October 23, 2020
October 28, 2020
This year, executives at 336 public companies in the United States – including FedEx, Marriott International, and United Airlines – are cutting base salaries, deferring salary payments, and scrapping end-of-year bonuses. They have a clear understanding of their payroll data, and they can work from informed insights to make difficult, but necessary pay-related decisions.
For smaller firms, however, payroll expenditure can be an unclear metric, and it often goes unmeasured. Here’s what you need to know about payroll data, and why you will want to track it as we venture into 2021.
Payroll data is the collection of metrics that contribute to the overall business expense of paying people for work performed at your company.
There’s more than just base salaries to consider here. Other payroll metrics include:
Having this information available allows for businesses to accurately predict the total cost of payroll and mitigate the risk against any future payroll changes (or revenue changes, for that matter).
Payroll data is a cornerstone metric that is relevant beyond the HR department. It contributes to the overall direction of a business and directly impacts growth. Here are a few ways to use payroll data to your advantage.
Payroll is the largest single cost for almost all businesses. For many service-based businesses where payroll is the primary cost for producing a product or service, payroll can cost as much as 50 percent of your gross revenue.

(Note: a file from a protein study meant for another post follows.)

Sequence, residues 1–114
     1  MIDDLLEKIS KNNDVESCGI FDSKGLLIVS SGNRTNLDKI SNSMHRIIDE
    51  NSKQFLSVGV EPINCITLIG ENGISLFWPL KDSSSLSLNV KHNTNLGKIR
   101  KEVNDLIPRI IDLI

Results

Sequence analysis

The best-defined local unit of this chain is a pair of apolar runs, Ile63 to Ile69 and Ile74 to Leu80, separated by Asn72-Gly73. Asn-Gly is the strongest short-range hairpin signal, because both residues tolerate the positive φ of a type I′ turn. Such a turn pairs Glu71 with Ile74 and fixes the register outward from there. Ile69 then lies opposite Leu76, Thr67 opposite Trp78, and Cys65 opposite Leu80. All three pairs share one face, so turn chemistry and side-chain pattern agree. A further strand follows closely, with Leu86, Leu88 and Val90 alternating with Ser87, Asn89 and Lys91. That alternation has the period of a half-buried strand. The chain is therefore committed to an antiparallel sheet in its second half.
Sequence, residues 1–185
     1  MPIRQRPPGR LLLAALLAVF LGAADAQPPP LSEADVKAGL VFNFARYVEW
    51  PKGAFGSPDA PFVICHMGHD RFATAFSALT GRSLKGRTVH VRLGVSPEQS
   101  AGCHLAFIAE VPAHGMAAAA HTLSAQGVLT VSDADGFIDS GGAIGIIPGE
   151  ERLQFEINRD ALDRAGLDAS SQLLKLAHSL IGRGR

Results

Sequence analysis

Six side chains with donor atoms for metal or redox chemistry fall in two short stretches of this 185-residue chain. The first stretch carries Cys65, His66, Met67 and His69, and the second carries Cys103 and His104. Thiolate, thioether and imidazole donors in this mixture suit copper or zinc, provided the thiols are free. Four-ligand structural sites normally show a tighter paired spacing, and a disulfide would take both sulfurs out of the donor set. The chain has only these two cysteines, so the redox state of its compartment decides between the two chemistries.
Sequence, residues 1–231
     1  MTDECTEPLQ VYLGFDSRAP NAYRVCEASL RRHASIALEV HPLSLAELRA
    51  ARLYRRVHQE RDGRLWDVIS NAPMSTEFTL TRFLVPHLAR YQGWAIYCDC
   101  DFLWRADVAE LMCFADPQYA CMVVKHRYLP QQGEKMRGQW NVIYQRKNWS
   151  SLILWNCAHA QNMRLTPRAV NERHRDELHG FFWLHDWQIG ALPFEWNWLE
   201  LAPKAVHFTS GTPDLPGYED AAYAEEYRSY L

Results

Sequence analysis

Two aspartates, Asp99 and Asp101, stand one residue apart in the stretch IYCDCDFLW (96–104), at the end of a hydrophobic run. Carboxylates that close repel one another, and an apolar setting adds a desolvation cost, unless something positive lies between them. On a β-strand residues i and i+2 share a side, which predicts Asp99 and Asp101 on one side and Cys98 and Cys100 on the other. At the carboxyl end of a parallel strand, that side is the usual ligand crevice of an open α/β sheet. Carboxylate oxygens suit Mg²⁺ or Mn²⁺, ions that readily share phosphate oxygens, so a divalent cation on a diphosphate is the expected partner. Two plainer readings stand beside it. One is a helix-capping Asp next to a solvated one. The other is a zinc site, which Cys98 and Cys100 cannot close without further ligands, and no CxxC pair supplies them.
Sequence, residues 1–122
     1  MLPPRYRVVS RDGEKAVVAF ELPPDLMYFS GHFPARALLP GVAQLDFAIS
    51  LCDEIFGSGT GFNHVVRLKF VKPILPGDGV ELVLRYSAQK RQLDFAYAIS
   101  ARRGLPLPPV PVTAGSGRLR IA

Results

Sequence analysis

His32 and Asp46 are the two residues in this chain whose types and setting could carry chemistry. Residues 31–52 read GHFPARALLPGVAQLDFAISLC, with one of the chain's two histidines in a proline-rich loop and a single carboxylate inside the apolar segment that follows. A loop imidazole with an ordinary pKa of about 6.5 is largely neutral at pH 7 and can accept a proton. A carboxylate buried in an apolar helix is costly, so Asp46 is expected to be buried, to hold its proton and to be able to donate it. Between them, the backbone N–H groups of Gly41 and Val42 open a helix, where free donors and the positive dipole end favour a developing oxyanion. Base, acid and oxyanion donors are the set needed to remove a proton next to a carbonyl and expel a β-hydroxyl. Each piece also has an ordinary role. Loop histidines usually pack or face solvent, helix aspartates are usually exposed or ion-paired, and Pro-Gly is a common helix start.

Consequently, even small persistent errors in payroll can add up to big problems, and you need visibility over your processing and outcomes.
Analyzing payroll data over time can provide more accurate yearly forecasts, so you are better prepared to manage budgets and cash flow in times of change or growth.
In short, having visibility into the process empowers business leaders to plot and evaluate ways to grow their company.
Sure enough, many roles within a company may be interchangeable. But, there are always key roles that are critical to the overall success of the business. Losing well-trained, hard-working individuals in those roles can be damaging to success.
By monitoring and benchmarking payroll data, then, you can begin to achieve the perfect balance between compensation, performance, and loyalty. That way, you ensure the retention of top talent.
The hardest challenge with payroll data is ensuring there’s a stream of consistent, high-value data to gather and analyze. Forecasts and predictive analysis aren’t built on short-term data collection, they’re built by analyzing a wide range of historical data over long periods of time.
To do this accurately, you need the right technology. Only then can you build a picture of payroll data and understand how it impacts the wider business, and only then can you begin to make adjustments to improve your bottom line.